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Reviewed by   |  Jun 19, 2015

When an American ship carrying nuclear weapons technology is hijacked, the South Korean government order Agent Se-Jong (Jung-Jae) to find and apprehend the culprit. According to their intel, the man behind the theft is Sin (Dong-Gun), a North Korean pirate who has a natural hatred for the South after they caused the death of his parents. Whilst learning about his background, Se-Jong begins to sympathise with Sin’s upbringing and although he knows he is doing the wrong thing, can understand his reasons for harbouring such deep hatred. When the two men finally meet, a bond is formed but despite their obvious connections they know that for the sake their missions one of them has to die.

Back in 2005, ‘Typhoon’ broke the record for the highest budgeted South Korean production, clocking in at around US $15 million. In terms of both scale and style, it’s clear to see that the film makes the most of these added resources, sporting a very polished look and shooting in a number of international locales that give the film a very epic feel. Unfortunately, as Michael Bay continues to prove, these aspects alone don’t make for a good movie and ‘Typhoon’ definitely stumbles on a number of other elements.

The plot for ‘Typhoon’ feels like a very lightweight version of ‘The Killer’, with two characters who could have been friends forced to fight on opposite sides of the law. Unlike John Woo’s aforementioned classic though, ‘Typhoon’ rarely seems to focus on the people involved and instead wastes far too much time jumping from country to country just so that we can hear another set of people telling us how dangerous the villain is. When we finally do get a short burst of story, you quickly realise that these characters are about as one dimensional as they come, with both of the leads having very clichéd motives for fighting (essentially a sick/dead relative) and personalities that rarely progress beyond the basic good or bad. There are a couple of minor positives in the form of Jang Dong-Gun’s performance and a short five minutes spent with Lee Mi-Yeon that actually makes you give a damn, but the majority of the film just feels so preoccupied with trying to look pretty that you’ll quickly give up on trying to care.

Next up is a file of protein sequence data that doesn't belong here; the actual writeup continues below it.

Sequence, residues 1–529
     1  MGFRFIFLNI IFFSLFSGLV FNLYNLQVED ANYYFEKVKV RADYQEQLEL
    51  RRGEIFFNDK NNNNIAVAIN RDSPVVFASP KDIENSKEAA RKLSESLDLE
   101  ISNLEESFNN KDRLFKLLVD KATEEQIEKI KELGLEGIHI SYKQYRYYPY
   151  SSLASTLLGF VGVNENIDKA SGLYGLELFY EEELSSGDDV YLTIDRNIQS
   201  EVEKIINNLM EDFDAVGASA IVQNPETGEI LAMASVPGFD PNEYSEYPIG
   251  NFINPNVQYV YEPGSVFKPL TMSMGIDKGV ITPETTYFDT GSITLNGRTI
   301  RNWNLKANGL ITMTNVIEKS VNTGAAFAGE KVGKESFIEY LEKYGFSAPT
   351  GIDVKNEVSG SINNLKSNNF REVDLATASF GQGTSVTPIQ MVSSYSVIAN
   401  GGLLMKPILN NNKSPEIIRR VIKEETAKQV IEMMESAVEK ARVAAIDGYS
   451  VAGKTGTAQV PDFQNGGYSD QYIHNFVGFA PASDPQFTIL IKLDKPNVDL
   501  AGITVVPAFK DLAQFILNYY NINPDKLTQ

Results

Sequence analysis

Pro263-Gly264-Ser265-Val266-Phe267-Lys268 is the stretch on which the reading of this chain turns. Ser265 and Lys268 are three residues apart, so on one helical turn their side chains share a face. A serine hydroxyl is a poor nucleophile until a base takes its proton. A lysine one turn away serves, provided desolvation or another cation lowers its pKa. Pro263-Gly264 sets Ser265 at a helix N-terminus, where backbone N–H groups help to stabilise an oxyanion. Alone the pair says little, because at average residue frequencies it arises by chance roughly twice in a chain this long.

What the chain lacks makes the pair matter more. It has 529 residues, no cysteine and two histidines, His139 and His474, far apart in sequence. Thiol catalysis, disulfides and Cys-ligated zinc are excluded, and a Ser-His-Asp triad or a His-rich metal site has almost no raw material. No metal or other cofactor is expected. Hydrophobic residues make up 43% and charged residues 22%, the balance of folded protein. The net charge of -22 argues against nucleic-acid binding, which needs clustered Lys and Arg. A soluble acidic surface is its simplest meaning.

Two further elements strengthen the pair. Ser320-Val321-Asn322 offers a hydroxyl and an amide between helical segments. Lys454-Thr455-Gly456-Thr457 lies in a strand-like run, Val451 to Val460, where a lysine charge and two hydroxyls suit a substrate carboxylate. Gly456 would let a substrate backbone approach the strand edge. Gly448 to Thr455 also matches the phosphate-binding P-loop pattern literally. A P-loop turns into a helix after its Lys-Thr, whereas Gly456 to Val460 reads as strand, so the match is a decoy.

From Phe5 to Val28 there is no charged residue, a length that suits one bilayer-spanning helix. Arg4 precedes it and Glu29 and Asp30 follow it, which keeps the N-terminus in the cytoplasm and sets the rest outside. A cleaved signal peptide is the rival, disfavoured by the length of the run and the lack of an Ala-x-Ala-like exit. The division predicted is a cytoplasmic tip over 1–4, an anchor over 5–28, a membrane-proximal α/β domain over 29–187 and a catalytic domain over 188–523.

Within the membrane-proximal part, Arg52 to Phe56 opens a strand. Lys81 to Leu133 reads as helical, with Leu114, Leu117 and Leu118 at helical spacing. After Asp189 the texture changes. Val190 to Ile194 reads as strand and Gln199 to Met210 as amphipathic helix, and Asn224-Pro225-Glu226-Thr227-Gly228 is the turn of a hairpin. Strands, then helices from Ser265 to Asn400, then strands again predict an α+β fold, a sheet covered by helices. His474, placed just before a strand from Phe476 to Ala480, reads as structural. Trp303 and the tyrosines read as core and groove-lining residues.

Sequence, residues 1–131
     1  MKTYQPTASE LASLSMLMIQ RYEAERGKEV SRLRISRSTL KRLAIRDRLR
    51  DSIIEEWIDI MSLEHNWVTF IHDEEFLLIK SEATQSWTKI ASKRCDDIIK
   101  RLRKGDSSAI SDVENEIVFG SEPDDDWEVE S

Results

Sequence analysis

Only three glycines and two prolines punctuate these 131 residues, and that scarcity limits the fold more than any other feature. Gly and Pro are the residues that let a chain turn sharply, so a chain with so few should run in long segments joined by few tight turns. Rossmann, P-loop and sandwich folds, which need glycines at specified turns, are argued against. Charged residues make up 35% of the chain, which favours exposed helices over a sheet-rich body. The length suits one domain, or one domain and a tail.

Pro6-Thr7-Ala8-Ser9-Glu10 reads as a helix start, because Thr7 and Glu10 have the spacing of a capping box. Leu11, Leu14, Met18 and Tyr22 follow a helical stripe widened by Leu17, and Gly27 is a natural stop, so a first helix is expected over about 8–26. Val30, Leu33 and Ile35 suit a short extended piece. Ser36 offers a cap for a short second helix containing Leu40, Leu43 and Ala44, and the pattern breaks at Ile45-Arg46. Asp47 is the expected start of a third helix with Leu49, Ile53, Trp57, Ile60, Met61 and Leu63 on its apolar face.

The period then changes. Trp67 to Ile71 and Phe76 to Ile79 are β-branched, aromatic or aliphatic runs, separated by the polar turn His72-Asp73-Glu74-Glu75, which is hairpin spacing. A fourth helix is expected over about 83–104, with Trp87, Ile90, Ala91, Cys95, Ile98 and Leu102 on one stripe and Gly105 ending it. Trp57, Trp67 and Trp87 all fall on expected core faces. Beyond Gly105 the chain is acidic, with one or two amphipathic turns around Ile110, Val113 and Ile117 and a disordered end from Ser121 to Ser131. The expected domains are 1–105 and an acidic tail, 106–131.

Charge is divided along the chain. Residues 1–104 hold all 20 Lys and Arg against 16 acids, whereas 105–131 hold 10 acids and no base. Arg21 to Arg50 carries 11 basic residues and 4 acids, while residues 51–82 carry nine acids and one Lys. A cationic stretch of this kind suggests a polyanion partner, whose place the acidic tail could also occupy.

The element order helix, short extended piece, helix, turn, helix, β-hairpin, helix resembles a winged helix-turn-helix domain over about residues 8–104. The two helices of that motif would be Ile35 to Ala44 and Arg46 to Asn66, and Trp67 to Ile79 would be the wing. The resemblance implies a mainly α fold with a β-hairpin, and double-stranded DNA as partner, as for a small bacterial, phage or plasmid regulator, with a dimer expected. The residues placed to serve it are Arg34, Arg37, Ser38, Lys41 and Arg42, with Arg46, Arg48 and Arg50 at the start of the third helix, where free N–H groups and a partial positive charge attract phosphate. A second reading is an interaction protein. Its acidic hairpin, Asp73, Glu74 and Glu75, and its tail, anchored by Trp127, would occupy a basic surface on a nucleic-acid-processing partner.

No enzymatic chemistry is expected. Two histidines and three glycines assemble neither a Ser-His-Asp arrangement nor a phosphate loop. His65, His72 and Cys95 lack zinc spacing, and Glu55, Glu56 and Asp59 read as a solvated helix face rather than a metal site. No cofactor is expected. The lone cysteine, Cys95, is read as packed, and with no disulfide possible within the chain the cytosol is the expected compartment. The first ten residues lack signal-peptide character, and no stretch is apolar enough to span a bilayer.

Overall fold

For a film so keen to emphasise its action elements, it’s surprising to see that there are very few genuinely exciting moments within ‘Typhoon’. The first shootout doesn’t materialise for a good 20 minutes and when it finally does it’s exceptionally brief and suffers from one of the worst cases of shaky cam syndrome that I have ever seen. Shortly after this, the two enemies meet properly for the first time but instead of being the tense confrontation that we were hoping for, it just fizzles out with a rather predictable “hey, we could be friends!” moment. This leaves the finale as the only really big action showcase and I guess you could say it fairs mildly better, although I know that isn’t exactly saying much. The best section of this sequence is easily the battle between the SWAT style soldiers and the pirates, simply because it feels slightly more realistic and there are some good weapons on display. However, being your typical Hollywood clone, this soon switches to the final one-on-one duel which is just a mundane (and shaky) knife fight that is cheesily set against a backdrop of giant explosions.

‘Typhoon’ certainly succeeds at being the kind of Hollywood blockbuster it hopes to be, and it is because of this that it is such a huge disappointment. The whole production just doesn’t seem to pay enough attention to the plot or characters, and seems far more concerned with flaunting its lavish locales. If this were a holiday brochure I’d be okay with that, but for a movie it just isn’t good enough.

Phil Mills
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